Now, the pizzas. Order at the counter, wait (a wonderfully short amount of time) for it to arrive, pick it up, fold it, ruin your [insert clothing choice], and eat it. There are no plates for your Margate-rita. Max's jeans lasted about 3 minutes.
We sat in the optimum position close to the prosecco and bang in the middle of a steady stream of staff carrying freshly made pizzas. Gaba & Lewis deserve special praise for their heroic efforts all evening.
We devoured countless slices of tasty, thin-crust pizzas (very different style to Franco Manca, Pizza Pilgrims & Homeslice) with a variety of delicious toppings. Think Fennel Salami, Pear & English Blue Cheese, Air Dried Ham & Rocket, Peppers & Goat's Curd, Lamb & Mint Pesto. Don't skip the garlic bread either. The prices are so low across the board that you might just find yourself ordering a second pizza.
|The awesome Gaba|
If you have any room left, get yourself a tub of Gelupo Gelato (Soho's finest - salted caramel / hazelnut is my preference) with a Climpson & Sons coffee on the side.
|Team Gelupo - Simon & Shannon|
|Dream Team - Lewis & Gaba|
And what a nice street to emerge on to after a few pizzas and proseccos...
GB Pizza Co is a lovely addition to Exmouth Market, and refreshingly cheap for the area! Thumbs up.
Thursday 10th April - Last but not least, a behind the scenes look at Compass Box Whisky Co. with Chris Maybin at their site in Chiswick. Chris welcomed me in to their whisky lab with an Unholy Alliance, a superb twist on a negroni made with their Spice Tree. This is where the blending magic takes place, in a large kitchen / tasting room a few metres from their desks.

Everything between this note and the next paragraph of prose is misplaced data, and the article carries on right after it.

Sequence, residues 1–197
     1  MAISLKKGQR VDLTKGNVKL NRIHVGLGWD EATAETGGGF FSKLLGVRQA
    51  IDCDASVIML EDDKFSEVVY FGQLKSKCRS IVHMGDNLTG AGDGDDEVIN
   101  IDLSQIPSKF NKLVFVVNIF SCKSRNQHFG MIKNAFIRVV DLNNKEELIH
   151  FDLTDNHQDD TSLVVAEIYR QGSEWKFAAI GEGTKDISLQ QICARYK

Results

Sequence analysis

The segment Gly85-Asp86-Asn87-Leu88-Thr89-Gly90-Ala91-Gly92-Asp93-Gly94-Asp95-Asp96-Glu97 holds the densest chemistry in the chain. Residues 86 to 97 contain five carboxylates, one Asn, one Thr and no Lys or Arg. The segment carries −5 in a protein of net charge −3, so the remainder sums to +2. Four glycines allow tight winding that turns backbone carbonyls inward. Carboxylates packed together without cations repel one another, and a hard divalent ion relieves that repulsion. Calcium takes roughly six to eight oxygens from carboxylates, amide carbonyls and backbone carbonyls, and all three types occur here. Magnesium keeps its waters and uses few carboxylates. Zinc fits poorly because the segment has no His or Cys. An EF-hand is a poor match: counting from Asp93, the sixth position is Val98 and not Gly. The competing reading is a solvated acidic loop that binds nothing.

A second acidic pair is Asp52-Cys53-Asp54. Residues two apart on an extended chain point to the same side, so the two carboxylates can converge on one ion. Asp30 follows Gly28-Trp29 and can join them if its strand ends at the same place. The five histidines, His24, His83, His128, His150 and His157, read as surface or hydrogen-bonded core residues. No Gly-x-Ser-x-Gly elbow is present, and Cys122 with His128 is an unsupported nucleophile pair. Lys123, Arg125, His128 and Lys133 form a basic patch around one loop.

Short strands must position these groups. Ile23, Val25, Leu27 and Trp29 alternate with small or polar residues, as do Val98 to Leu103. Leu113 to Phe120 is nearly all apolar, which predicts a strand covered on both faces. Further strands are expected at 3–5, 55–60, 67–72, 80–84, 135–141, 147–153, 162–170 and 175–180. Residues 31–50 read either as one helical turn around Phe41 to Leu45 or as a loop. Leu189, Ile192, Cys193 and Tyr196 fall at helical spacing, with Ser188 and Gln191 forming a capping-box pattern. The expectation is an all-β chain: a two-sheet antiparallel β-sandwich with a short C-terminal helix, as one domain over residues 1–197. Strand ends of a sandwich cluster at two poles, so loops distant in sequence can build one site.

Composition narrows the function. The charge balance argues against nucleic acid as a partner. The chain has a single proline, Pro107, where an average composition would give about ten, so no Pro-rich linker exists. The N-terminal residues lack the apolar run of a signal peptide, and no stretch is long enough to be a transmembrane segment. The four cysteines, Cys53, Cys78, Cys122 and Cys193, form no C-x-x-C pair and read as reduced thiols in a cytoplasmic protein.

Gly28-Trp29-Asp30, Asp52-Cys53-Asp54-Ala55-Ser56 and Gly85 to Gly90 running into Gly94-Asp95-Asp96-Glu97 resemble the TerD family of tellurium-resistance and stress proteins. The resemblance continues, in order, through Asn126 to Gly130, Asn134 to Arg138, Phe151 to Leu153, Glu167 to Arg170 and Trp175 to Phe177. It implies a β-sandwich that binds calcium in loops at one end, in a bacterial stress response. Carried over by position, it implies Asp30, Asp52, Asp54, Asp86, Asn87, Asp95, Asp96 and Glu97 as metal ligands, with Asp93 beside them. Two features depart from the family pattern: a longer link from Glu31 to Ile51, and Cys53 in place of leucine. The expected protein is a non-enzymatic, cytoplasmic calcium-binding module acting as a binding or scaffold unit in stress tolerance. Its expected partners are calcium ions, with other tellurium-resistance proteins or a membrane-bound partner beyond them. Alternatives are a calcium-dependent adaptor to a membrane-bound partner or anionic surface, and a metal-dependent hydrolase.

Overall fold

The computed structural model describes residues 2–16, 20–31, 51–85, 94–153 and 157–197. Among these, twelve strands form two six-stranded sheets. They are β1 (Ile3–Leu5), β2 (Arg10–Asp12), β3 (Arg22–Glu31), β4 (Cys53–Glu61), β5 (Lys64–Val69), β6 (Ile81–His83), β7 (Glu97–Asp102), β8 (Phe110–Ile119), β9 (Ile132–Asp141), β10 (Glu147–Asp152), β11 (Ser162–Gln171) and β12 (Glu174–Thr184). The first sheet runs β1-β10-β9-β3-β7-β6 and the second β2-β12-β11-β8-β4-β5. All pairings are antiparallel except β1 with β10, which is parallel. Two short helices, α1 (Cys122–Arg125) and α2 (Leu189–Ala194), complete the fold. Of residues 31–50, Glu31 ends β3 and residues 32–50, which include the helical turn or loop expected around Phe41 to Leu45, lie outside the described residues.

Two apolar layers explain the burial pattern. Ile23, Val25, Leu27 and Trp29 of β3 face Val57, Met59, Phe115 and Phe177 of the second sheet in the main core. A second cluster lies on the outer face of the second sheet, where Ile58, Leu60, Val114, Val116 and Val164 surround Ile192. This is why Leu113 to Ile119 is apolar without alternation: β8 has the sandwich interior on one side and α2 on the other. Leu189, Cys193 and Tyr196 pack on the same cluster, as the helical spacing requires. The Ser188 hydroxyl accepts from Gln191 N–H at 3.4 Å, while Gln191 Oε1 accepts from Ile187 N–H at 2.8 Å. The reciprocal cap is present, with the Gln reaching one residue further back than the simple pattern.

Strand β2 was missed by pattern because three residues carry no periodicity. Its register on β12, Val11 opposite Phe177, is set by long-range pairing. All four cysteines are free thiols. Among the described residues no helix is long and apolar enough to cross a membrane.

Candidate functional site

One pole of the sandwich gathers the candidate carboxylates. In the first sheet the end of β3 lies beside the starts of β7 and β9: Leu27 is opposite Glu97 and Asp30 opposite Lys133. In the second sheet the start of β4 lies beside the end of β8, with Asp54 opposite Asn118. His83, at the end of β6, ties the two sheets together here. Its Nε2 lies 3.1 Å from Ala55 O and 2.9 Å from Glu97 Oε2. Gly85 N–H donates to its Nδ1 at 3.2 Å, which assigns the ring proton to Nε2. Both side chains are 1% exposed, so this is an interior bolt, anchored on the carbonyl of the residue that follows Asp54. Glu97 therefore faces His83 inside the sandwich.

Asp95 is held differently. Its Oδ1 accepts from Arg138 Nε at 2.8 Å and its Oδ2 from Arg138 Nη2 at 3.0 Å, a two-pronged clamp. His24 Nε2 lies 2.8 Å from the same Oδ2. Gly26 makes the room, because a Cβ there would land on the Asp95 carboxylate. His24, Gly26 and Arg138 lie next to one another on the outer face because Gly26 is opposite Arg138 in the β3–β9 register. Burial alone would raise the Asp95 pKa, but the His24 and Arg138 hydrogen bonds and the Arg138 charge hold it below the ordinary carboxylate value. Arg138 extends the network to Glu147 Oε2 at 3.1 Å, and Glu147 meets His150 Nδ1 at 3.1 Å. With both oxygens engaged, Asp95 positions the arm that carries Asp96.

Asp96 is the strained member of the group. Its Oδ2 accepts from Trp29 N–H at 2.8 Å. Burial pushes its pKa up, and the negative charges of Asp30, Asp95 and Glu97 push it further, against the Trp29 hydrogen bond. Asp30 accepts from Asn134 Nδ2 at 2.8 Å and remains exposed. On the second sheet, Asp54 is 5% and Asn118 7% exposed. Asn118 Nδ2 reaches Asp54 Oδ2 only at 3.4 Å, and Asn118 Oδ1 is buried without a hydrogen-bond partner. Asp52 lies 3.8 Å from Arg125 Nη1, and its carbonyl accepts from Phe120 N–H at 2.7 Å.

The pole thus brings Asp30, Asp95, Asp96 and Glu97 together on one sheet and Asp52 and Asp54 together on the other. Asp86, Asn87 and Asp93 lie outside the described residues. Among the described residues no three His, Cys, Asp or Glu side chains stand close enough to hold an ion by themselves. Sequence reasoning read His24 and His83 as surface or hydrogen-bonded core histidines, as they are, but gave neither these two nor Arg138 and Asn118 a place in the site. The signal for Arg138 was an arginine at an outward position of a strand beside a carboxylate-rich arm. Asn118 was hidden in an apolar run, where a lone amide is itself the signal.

Compass Box have set out to challenge the widely held belief that a blended Scotch whisky can't stand up to a single malt. They have also put together a varied core range to give us all several excuses to drink whisky. Mid-afternoon? Pre-dinner? Nightcap? Compass Box has you covered.
Before we got to taste testing, we looked around the lab / kitchen space where work akin to perfume making takes place. Various experiments & samples fill the shelves including Strathclyde in irn bru casks, and attempts to recreate the now discontinued Eleuthura blend. They are also starting to lay down their own whisky, a big project that is a focus of their 2nd decade of existence, along with their popular Great King Street range.
After a look around, we sat down to have a taste of the core range and some specials. Rather than go into great detail, here are my (occasionally unorthodox) notes:
For more detail, head to their fantastic informative website with fact sheets & tasting videos
Asyla – 40% - The Pinot Grigio / aperitif whisky - star of Milk & Honey's revered Penicillin twist.
Oak Cross – 43% - Mr.Darcy, not pre-possessing – aged with American & French oaks
Spice Tree – 46% - After-dinner sipping - survived a fight with the Scotch Whisky Association (SWA)
Peat Monster – 46% - my bedside whisky - was the most peaty whisky in town when it was first released – now it's actually peatier as they have upped the Laphroaig. Look out for the 10th Anniversary edition.
Hedonism – 43% - vanilla cream, toffee, coconut - only produced once or twice a year
On to a few limited editions:
Orangerie – whisky infused with orange peel, cassia bark and cloves, so can't be called Scotch whisky. At Christmas it was injected into mince pies at Whisky Exchange
Flaming Heart – 48.9% - effectively Spice Tree vs Peat Monster - truly awesome if you can find a bottle...
The General – 53.4% - now sold out - two very rare mystery whiskies combined - 2/3 at 40%, 1/3 at 33%
There were many more to try but a 3 hour orchestral rehearsal beckoned. Note to self: I don't improve as a musician after several whiskies. Who'd have thought? I'll have to return to finish them off...
Most companies with this many products lose some quality along the way, but the varied Compass Box range is consistently exciting. It is clear a lot of love and hard work is going in, and the team members I met were an enthusiastic bunch. It's no surprise that they are the house whisky in joints like Peg + Patriot, distillers & mixologists all over London are making use of the superb Compass Box blends.
It's brilliant to have them in London, and they can start to feel like experienced old hands as the likes of London Distillery Co. and East London Liquor Co. start work on their own whiskies in the capital.
Add some to your whisky collection and don't listen to the single malt snobs!